The Middletown Press (Middletown, CT)
Weighing the pros, cons of Husky job
UConn athletic director Dave Benedict has a big job ahead, one that should take many months to complete. And as history has proven, there is no guarantee that the final product will necessarily deliver the desired result. He must hire a football coach. The last time Benedict was tasked with this, he opted for familiarity and experience, convincing Randy Edsall to return home years after their awkward breakup. Edsall seemed like a safe choice, given his past success at UConn and ties to the state, but wound up failing miserably.
And so, Benedict finds himself having to do this all over again.
It won’t be an easy sell. Losing has become commonplace for the Huskies, and this year’s 0-2 start only magnifies just how far the program has to go to became respectable again, let alone relevant.
As the school begins to compile its list of candidates, let’s look at what may — or may not — be attractive about the opening in Storrs.
Low expectations: Getting whacked 45-0 by Fresno State was embarrassing enough for a team that talked all offseason about being better positioned to win. Then, it lost to Holy Cross. Ouch.
If this isn’t rock bottom, what is? The Huskies are 6-32 over the last three-plus seasons under Edsall and have made just one bowl game since appearing in the Fiesta Bowl in 2011. At this point, fans are starved for a win, any win.
Nobody is expecting Edsall’s replacement to come in and turn this program around overnight. It’s not possible. There is no quick fix. That said, the expectations are low enough that it won’t take much to win over the fanbase.
Edsall is due $1.15 million this season of his $1.256 million salary because he is officially retiring on Dec. 1. Though his salary was low compared to his former colleagues in the American Athletic Conference and among Power Five head coaches, it ranked middle of the pack nationally — more than most coaches in the MAC, Conference USA and Sun Belt.
That sort of money won’t help UConn land a big fish — comparatively speaking, another FBS head coach — but it should be enough to lure some Power Five assistants, although perhaps not top coordinators. Administration can only help its case by providing a healthy assistants’ pool.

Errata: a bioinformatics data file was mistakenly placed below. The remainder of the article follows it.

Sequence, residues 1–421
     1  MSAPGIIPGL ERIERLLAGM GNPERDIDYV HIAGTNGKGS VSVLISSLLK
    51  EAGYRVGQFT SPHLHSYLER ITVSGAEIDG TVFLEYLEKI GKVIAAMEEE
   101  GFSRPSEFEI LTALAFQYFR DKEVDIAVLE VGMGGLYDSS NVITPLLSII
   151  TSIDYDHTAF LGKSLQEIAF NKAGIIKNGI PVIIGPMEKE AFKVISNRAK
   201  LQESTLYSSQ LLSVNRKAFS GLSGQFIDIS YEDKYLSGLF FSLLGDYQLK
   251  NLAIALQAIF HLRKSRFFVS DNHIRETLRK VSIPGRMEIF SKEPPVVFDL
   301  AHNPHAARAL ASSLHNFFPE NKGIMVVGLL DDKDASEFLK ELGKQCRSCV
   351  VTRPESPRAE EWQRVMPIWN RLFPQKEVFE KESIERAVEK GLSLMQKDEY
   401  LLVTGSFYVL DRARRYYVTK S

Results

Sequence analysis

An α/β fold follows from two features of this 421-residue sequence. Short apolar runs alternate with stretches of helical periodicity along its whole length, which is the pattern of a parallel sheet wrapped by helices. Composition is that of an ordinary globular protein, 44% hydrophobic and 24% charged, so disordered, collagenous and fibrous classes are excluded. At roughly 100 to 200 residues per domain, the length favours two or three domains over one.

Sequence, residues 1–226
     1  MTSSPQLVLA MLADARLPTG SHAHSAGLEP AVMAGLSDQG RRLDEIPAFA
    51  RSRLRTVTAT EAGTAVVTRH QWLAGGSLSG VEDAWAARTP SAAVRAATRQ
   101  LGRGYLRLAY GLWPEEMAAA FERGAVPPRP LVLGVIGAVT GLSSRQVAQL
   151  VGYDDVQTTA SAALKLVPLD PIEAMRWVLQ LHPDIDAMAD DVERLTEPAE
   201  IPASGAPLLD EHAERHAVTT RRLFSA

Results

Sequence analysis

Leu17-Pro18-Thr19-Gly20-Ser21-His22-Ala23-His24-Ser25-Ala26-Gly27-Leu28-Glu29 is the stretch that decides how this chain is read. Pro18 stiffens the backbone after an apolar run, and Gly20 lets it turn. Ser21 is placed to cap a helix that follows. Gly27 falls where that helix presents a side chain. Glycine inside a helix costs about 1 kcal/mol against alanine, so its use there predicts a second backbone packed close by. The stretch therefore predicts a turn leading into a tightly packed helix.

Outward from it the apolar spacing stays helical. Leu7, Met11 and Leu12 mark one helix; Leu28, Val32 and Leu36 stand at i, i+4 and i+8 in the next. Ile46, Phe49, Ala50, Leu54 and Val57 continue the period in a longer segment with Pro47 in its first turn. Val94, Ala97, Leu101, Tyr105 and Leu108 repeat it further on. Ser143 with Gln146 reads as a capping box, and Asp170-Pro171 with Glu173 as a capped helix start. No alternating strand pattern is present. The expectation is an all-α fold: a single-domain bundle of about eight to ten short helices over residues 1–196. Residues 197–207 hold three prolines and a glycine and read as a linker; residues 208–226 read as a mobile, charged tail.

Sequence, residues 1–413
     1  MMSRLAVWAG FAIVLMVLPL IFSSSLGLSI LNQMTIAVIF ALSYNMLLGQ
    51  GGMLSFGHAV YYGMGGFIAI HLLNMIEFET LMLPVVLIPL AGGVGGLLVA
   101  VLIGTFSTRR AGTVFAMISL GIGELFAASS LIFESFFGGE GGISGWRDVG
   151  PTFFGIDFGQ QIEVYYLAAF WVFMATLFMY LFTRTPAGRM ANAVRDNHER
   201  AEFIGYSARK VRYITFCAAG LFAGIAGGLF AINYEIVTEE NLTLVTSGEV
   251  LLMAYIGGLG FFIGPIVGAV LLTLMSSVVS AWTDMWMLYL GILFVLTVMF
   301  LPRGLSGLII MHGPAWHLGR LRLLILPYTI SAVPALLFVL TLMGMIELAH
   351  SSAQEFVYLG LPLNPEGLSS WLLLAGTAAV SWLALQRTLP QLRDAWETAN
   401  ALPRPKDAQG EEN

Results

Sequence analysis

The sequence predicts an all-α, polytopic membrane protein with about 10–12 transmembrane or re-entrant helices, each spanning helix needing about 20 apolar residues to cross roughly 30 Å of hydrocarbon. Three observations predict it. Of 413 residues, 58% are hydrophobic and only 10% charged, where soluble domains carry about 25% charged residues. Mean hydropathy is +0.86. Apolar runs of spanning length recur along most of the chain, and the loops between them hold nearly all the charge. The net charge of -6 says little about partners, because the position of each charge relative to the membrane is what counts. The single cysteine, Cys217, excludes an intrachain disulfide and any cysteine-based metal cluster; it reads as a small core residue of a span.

It helps that Edsall won’t be owed a buyout.
Quality facilities: Nearly 20 years after first opening its gates, Rentschler Field remains a solid, if unspectacular, home for UConn. The biggest knock may be its location: 25 miles from campus.
But the Burton Family Football Complex is a stateof-the-art, on-campus facility. UConn has also received donations for improvements and upgrades, so the program will maintain an elite training facility. The facility exceeds what some Power Five schools offer.
No tradition: In basketball, UConn is a national brand. The men’s program has won four NCAA titles and produced a slew of NBA talent, including Naismith Hall of Famer Ray Allen, while the women’s team has established itself as the best in the sport with 11 national championships.
And football? The constant losing has eroded attendance and demoralized fans, to the point where the program barely registers outside of Connecticut. And that doesn’t figure to change anytime soon. Most fans are probably already asking themselves: When is First Night?
It’s been 10 years since UConn’s improbable run to the New Year’s Day Fiesta Bowl. The program has been gliding downhill since.
No fertile recruiting ground:
In short, the Northeast is a difficult place to recruit. The Huskies have just 18 Connecticut natives on their roster, and neighboring states traditionally don’t churn out enough talent to make a real difference. This means they must branch out to other regions to win recruiting battles, and there isn’t a whole lot of tradition for the coaching staff to sell.
Former UConn quarterback and Connecticut native Dan Orlovsky, the program’s most famous alum, had a successful NFL career. However, today’s recruits may know him more for his work on ESPN.
No conference affiliation:
The move back to the Big East returned the school to its roots but left the football program toiling in uncertainty as an independent. While the Huskies now have more flexibility with their schedule than they did in the American Athletic Conference, they no longer reap the benefits associated with conference membership such as bowl tie-ins or revenue sharing.
There’s no guarantees, of course, that life would be any better in, say, the MAC, and we know all too well that the grass wasn’t greener in the AAC. That said, the jury’s still out on whether the program can improve, or even survive, without a conference to call home.